SOCHI, Russia - Julie Chu remembers watching the U.S. Olympic women's hockey team win the gold medal at the Nagano Games in 1998, when she was in high school.
It would have been hard to believe that she would play for Team USA at the next four Winter Games.
It would have been even harder to believe that the Americans would still be searching for their second gold medal 16 years later.
"I've been fortunate to be able to play in three past Olympics," Chu said on Wednesday, a day before the United States will play Canada for the Olympic gold medal for the fourth time in five Winter Games. "But it's not time to think about what happened in the past or, for the younger players, what's going to happen in the future."
Four years after losing to Canada in the gold medal game, the U.S. forward is getting another chance - her fourth chance - at her first gold medal. She won silver in Salt Lake City, bronze in Turin and silver again in Vancouver.
Each time, the Canadians won the gold. They're in Thursday's Olympic for the fifth time in a row with a chance to win their fourth straight Olympic championship, a string of dominance that first-time coach Kevin Dineen couldn't really fathom.
"Oh, boy. I haven't really looked at the big picture," the Canada coach said, nodding toward his team. "But there are a lot of people in there who have some pretty special jewelry collections."
It's the fourth time in five Olympics that the United States and Canada will meet in the gold medal game. Canada holds a 2-1 edge over the Americans in Olympic championship games, and it also beat them 3-2 in a preliminary round last week that the U.S. players took as a warning.
"Whenever film sessions run 30 minutes or longer, it's not the happiest moment," U.S. forward Monique Lamoureux said after the team's last full practice before the gold medal game. "I got called out, and a lot of people did. We took it to heart.
"After that, we felt a lot better because we know we can do better and we will do better."
The U.S. recovered for a 6-1 victory over Sweden in the semifinal to set up the expected gold medal rematch. Canada beat Switzerland 3-1.
Canada forward Marie-Philip Poulin said the team feels pressure to win but "it's a good pressure."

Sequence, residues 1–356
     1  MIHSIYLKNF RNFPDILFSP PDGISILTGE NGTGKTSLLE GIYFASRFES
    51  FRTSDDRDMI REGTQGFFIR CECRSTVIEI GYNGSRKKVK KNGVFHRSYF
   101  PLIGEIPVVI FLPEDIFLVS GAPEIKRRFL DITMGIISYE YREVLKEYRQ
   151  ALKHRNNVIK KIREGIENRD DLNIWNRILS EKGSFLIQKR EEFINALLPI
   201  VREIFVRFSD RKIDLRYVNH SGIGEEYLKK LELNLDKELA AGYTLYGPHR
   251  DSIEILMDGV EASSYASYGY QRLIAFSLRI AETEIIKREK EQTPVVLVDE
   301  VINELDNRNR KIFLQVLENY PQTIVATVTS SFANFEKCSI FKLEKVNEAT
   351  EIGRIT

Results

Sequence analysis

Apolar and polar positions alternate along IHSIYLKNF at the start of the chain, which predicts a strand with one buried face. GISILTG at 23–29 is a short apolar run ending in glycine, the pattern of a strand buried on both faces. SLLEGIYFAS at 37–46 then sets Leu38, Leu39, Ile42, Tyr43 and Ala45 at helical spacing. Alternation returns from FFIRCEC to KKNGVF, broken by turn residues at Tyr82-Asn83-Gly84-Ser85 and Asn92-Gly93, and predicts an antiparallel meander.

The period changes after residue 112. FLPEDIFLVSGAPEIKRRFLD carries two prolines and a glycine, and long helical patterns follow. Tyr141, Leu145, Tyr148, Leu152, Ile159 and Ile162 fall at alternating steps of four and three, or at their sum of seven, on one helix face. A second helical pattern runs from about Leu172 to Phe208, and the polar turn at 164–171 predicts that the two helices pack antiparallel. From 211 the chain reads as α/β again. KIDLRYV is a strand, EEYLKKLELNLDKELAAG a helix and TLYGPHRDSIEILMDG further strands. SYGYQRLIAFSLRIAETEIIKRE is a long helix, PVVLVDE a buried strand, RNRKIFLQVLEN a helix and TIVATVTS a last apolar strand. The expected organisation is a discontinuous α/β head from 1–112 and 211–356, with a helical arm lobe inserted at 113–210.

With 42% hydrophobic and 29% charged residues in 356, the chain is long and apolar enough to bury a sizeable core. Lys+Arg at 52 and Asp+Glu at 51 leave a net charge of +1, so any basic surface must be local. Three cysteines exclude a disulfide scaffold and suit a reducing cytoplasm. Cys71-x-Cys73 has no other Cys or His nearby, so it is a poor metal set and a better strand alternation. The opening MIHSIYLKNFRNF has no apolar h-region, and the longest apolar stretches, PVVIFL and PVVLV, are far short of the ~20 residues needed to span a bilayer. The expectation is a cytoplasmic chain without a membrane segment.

"We have a lot of support in Canada," she said. "So we'll be ready."
The teams moved from the temporary Shayba Arena to the larger Bolshoy Ice Dome next door for their final workouts Wednesday. Canada went first on the practice rink inside the 12,000-seat Ice Dome, where Sweden and Switzerland will play for the bronze medal Thursday before the championship.
"I don't get nervous. It's just another game," said Canada defenseman Jocelyne Larocque, who was one of the last players cut before the Vancouver Games four years ago. "You just focus on the present and not try to think like it's bigger than it really is."
The puck, the rink, the clock are all just like they always are.
"Everything is the same," she said, "other than it's for an Olympic gold medal."
Members of Team USA pack into the opening of the net for a photograph before the first period of the 2014 Winter Olympics women's semifinal ice hockey game against Sweden at Shayba Arena, Monday, Feb. 17, 2014, in Sochi, Russia. (AP Photo/Bruce Bennett, Pool)×
Team USA gathers around the net before playing Sweden in the 2014 Winter Olympics women's semifinal ice hockey game at Shayba Arena, Monday, Feb. 17, 2014, in Sochi, Russia. (AP Photo/Matt Slocum)×
Megan Bozek of the United States, left, congratulates Kacey Bellamy of the United States after Bellamy scored a goal against Sweden during the first period of the 2014 Winter Olympics women's semifinal ice hockey game at Shayba Arena Monday, Feb. 17, 2014, in Sochi, Russia. (AP Photo/Julio Cortez)×
Jessie Vetter (top), Amanda Kessel and the United States women’s hockey team will play Canada on Thursday at noon on WCBD-TV (NBC) for the gold medal.×
Notice about comments:
The Post and Courier is pleased to offer readers the enhanced ability to comment on stories. Some of the comments may be reprinted elsewhere in the site or in the newspaper. We ask that you refrain from profanity, hate speech, personal comments and remarks that are off point.